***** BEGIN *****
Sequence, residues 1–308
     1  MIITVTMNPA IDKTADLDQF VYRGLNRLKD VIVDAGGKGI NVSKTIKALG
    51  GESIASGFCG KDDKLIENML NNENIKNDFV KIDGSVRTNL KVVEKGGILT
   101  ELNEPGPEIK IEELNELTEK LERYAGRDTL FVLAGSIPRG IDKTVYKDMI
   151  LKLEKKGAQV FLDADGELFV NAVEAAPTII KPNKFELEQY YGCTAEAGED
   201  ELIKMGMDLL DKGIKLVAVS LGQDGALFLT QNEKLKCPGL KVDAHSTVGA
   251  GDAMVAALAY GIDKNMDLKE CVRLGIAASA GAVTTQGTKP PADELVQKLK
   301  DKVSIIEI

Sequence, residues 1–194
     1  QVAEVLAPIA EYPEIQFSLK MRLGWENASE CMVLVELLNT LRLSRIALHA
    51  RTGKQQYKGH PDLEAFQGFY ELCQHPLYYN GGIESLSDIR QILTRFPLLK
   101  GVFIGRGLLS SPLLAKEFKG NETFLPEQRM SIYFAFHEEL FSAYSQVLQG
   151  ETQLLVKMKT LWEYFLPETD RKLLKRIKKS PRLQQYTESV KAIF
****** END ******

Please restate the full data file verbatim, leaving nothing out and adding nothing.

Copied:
Sequence, residues 1–308
     1  MIITVTMNPA IDKTADLDQF VYRGLNRLKD VIVDAGGKGI NVSKTIKALG
    51  GESIASGFCG KDDKLIENML NNENIKNDFV KIDGSVRTNL KVVEKGGILT
   101  ELNEPGPEIK IEELNELTEK LERYAGRDTL FVLAGSIPRG IDKTVYKDMI
   151  LKLEKKGAQV FLDADGELFV NAVEAAPTII KPNKFELEQY YGCTAEAGED
   201  ELIKMGMDLL DKGIKLVAVS LGQDGALFLT QNEKLKCPGL KVDAHSTVGA
   251  GDAMVAALAY GIDKNMDLKE CVRLGIAASA GAVTTQGTKP PADELVQKLK
   301  DKVSIIEI

Sequence, residues 1–194
     1  QVAEVLAPIA EYPEIQFSLK MRLGWENASE CMVLVELLNT LRLSRIALHA
    51  RTGKQQYKGH PDLEAFQGFY ELCQHPLYYN GGIESLSDIR QILTRFPLLK
   101  GVFIGRGLLS SPLLAKEFKG NETFLPEQRM SIYFAFHEEL FSAYSQVLQG
   151  ETQLLVKMKT LWEYFLPETD RKLLKRIKKS PRLQQYTESV KAIF